The second problem with the pope's position on Turkey is that it confuses the conjectural with the existential. The European continent has been politically organized, and reorganized, in a variety of forms over the past 2,500 years. Empires have risen and fallen, nations have appeared and faded, and alliances have been made and unmade. But none of those conjectures necessitates changes in the existential realities of those who participated. To the pope, however, the only way that Turkey can join the European Union is to convert to Christianity, which, in other words, means a fundamental existential change. (And that does not take into account the additional problem of which of the many bands of Christianity Turkey should adopt in order to fulfill the pope's condition for EU membership.)
Finally, the pope's position on Turkey has broader implications. One is that nations of different faiths should share the same political, economic and cultural space and cannot form secular alliances to deal with this-worldly matters. And, that, of course, is a violation of the basic principle of the separation of church and state. Another is that the entire history of Europe should be re-written in a way that would airbrush the role that the Turkish people in general and the Ottoman Empire in particular played in shaping the European culture.
Last but not least, the pope's position, if applied fully, would require a reorganization of the international space on the basis not of nation-states but of religions.
All that may not seem problematic to the pope who wears two caps: A religious one as the pontiff of the Catholic Church and a political one as head of the Vatican state.
So, let us return to the question debated in Turkey. The wisest course as put by Turkish President Ahmet Necdet Sezer, is to welcome the pope as planned both as the leader of the Catholics and as head of the Vatican state.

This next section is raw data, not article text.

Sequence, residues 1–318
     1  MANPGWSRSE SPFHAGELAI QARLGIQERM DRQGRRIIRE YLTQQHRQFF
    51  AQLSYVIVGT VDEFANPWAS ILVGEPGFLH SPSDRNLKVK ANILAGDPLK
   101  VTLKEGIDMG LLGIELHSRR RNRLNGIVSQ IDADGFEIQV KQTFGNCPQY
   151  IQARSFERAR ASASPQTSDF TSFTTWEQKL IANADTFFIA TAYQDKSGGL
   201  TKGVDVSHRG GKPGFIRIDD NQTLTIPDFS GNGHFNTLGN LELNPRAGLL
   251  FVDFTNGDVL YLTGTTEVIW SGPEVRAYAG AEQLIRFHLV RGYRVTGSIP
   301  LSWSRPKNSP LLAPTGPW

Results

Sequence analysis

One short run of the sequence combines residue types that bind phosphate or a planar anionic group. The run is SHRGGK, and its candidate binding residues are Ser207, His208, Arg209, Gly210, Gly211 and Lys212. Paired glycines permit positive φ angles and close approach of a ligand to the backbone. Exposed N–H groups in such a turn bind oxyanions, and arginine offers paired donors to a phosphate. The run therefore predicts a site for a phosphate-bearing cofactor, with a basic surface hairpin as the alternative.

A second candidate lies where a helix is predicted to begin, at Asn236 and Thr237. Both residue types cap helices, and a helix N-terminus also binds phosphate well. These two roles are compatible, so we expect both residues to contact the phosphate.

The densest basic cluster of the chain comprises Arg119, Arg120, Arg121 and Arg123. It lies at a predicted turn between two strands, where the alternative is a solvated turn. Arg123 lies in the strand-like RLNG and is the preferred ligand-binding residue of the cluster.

By maintaining its invitation to the pope, Turkey would show its commitment to a fundamental European principle: Freedom of speech. The visit could provide an opportunity for the Turkish leaders and people to engage the pope in both his capacities. As a head of state, they should try to persuade him that the EU would be strengthened by admitting Turkey whose sizable population, vast natural resources, and closeness to new markets make it an asset in the medium and long-term. The Turks should also engage the pope as head of the Catholic Church. They should encourage him to express his own opinions about Islam.
The Catholic Church has a long record of inter-faith dialogue with various representatives of Islam, dating back to the late 1940s. So far, however, that dialogue has consisted mostly of polite conversation designed to avoid thorny issues of faith or joint lamentation over the advance of secular ideas throughout the world.
In its worst form the inter-faith dialogue has led to joint moves to block reforms to improve the status of women as was the case in the notorious Beijing conference a few years ago.
The great merit of the pope's recent lecture in Germany is that it has effectively ended the era of postmodernist waffle presented as inter-faith dialogue.
The opportunity should be seized to start an honest, though courteous, dialogue designed to help both sides know the truth about one another and, in turn, figure out ways of how they can coexist not only in Europe but throughout the world.